U.S. says Russia failed to comply with nuclear arms treaty START

WASHINGTON — The U.S. State Department told Congress on Tuesday that Russia is not abiding by the only nuclear arms control treaty between the two countries, endangering a source of stability in their relationship.

The agency said Russia refused to allow U.S. inspectors access to nuclear weapons facilities, an obligation under the New START treaty, which was renewed in February 2021 for five years.

“Russia’s refusal to facilitate inspection activities prevents the United States from exercising important rights under the treaty and threatens the viability of U.S.-Russian nuclear arms control,” the State Department said in a statement Tuesday.

It added that “Russia also failed to comply with its obligations under the New START Treaty by not convening bilateral consultative committee meetings according to the timetable stipulated in the Treaty.”

The State Department called on Russia to return to compliance by allowing inspectors into its territory, as it has done for more than a decade, and agreed to a committee meeting where officials could discuss issues related to the treaty and nuclear armaments control.

Russia announced in August that it would suspend US inspectors from accessing its nuclear arsenal. In November, it canceled a diplomatic meeting of the bilateral commission in Cairo where officials planned to review compliance with the treaty. The committee will conclude in October 2021.

Russian Deputy Foreign Minister Sergei A. Ryabkov said Moscow postponed the meeting because the U.S. “does not want to consider Russia’s priorities, they only want to discuss resuming inspections,” the state-run RIA Novosti news agency reported .

“The situation around Ukraine also had an impact,” the agency quoted Ryabkov as saying.

After Russia announced the checks in August, State Department spokesman Ned Price said the two countries “continue to provide data declarations and notifications under the treaty.”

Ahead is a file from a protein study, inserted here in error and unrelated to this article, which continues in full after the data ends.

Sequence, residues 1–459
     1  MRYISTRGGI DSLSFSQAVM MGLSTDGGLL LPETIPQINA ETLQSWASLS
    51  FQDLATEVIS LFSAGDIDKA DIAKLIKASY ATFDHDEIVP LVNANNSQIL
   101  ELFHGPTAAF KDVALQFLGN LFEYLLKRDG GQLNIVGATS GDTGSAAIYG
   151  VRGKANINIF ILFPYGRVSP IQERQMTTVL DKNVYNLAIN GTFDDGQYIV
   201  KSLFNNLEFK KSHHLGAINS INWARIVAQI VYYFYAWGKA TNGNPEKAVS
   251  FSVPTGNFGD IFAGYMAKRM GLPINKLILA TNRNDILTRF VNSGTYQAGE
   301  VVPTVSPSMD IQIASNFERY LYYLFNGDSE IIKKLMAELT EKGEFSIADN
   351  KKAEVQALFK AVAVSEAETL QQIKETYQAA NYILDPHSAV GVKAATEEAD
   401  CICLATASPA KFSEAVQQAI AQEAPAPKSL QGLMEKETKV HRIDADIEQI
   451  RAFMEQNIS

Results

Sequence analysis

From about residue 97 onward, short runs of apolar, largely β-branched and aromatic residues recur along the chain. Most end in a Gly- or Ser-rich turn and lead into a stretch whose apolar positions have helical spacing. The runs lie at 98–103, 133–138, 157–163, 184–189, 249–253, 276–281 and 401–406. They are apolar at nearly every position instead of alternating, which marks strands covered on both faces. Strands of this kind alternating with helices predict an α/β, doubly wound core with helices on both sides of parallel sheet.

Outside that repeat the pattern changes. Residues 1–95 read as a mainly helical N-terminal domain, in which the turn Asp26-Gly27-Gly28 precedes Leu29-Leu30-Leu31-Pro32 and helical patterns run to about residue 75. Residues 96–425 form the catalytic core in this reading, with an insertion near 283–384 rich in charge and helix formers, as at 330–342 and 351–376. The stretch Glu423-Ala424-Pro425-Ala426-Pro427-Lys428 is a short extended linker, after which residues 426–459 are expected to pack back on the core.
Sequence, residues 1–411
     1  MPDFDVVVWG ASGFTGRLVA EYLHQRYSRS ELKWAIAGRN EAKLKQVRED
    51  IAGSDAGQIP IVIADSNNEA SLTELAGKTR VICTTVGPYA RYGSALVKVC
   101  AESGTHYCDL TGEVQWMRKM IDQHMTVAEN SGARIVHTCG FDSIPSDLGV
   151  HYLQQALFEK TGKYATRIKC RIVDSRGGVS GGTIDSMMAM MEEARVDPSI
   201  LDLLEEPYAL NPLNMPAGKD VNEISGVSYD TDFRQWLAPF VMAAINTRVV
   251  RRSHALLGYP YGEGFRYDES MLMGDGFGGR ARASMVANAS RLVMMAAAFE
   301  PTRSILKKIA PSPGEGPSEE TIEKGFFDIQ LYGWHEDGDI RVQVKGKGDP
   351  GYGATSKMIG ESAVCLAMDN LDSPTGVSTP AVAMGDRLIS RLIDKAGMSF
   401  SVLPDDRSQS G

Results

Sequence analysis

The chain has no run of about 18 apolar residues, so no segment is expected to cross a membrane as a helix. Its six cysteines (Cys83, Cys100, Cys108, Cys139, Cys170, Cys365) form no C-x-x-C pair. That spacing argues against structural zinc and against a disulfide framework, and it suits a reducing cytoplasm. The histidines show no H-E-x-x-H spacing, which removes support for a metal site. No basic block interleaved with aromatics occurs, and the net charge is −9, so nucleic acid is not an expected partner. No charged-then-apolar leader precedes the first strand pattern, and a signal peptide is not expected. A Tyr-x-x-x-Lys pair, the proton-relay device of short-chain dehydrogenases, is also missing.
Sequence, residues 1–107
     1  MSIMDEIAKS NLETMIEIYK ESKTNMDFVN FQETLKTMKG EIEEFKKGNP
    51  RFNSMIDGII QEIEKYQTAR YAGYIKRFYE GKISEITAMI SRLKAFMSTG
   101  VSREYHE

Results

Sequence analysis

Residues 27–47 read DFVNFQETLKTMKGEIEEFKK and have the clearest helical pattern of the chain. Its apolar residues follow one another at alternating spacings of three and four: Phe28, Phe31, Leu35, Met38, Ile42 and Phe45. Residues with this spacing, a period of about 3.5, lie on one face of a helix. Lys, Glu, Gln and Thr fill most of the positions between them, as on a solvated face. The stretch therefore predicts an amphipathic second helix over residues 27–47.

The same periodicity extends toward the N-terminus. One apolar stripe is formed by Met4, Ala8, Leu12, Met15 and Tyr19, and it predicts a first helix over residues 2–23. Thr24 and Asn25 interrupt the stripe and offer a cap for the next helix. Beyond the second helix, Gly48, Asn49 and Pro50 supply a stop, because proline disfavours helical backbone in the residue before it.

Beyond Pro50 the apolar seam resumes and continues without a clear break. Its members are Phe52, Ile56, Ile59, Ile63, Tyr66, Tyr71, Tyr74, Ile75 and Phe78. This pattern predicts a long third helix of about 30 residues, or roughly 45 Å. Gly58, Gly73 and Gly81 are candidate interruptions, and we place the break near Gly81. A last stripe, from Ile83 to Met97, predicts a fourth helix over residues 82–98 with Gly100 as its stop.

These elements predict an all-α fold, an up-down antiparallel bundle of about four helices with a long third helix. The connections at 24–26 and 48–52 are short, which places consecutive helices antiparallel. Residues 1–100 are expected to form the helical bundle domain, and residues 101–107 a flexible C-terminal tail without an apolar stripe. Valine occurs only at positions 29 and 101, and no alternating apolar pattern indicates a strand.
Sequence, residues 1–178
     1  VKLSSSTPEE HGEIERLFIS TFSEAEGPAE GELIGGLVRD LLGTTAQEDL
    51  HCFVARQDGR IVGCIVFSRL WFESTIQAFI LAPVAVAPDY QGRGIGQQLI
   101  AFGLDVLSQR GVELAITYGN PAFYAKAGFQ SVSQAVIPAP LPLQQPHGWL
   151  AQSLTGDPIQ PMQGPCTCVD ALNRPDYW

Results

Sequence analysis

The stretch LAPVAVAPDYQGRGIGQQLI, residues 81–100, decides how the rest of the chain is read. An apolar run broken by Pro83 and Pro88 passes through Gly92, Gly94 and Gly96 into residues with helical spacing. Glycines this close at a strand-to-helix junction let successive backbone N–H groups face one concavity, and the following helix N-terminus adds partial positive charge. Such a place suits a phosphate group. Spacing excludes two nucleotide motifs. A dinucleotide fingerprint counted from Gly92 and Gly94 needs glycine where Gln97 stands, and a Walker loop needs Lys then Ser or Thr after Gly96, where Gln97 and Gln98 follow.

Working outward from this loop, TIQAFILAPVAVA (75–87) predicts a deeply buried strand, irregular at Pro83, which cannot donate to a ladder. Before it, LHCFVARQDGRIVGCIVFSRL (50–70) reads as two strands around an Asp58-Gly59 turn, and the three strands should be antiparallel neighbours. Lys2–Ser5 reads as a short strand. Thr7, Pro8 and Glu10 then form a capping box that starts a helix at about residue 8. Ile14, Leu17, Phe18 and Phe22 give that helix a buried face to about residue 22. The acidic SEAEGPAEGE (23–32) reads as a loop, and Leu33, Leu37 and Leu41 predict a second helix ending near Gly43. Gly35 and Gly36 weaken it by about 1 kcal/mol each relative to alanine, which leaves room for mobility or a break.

The treaty, signed in 2010, has since 2011 ensured that both countries will limit their respective strategic nuclear arsenals to 1,500 warheads. The treaty’s main verification mechanism centers around mutual inspections, where each country can examine data and evidence surrounding its nuclear arsenal.

When Russia suspended inspections, it said U.S. sanctions on Russia following its invasion of Ukraine made it difficult for its inspectors to enter the United States. The State Department said it was fake.

After the outbreak in March 2020, the inspections were suspended by both sides, and U.S. officials have been expressing a desire to resume normal exercises.

The New START agreement was originally scheduled to expire on February 2. May 5, 2021, but the two governments announced a five-year extension two days before the deadline. A full-scale invasion of Ukraine by Russian forces under President Vladimir V. Putin last February made any further talks on arms control difficult. President Biden has suspended any diplomatic discussion of new arms control treaties since the war began.

Geoffrey Lewis, a nuclear nonproliferation expert at the Middlebury Institute of International Studies, said New START’s deterioration was troubling and did not bode well for the prospects for a 2026 renewal.

“It’s looking very dire right now,” he said. He added that while “the treaty is very much in the interests of both parties, the Russians appear to have allowed what happened in Ukraine to affect all policy.”

“I don’t think it’s in either of our interests to have an unrestricted arms race between Russia and the United States, and that’s what’s going to happen,” Mr Bush said. Lewis said.

New START does not include the use of tactical nuclear weapons. US and European officials have been debating whether Mr Putin might use the weapon in Ukraine. The possibility was hotly discussed in Washington and other European capitals last fall because of specific data from intelligence agencies, but discussions among officials have quieted down.

In August 2019, the Trump administration announced it would terminate another arms control treaty, the Intermediate-Range Nuclear Forces Agreement, after it had been suspended in February. The United States has accused Russia of repeatedly violating the treaty, which has been active since the Reagan administration. U.S. officials have also expressed growing concern that China is not a party to the treaty, insisting they do not want their ability to deploy missiles in the Asia-Pacific region hindered.

The end of the agreement makes New START the only remaining nuclear arms treaty between the United States and Russia.

“The United States continues to view nuclear arms control as an integral means to strengthen the security of the United States, our allies, and the world,” the State Department said Tuesday. “This is especially important during tense times when guardrails and clarity matter most.”

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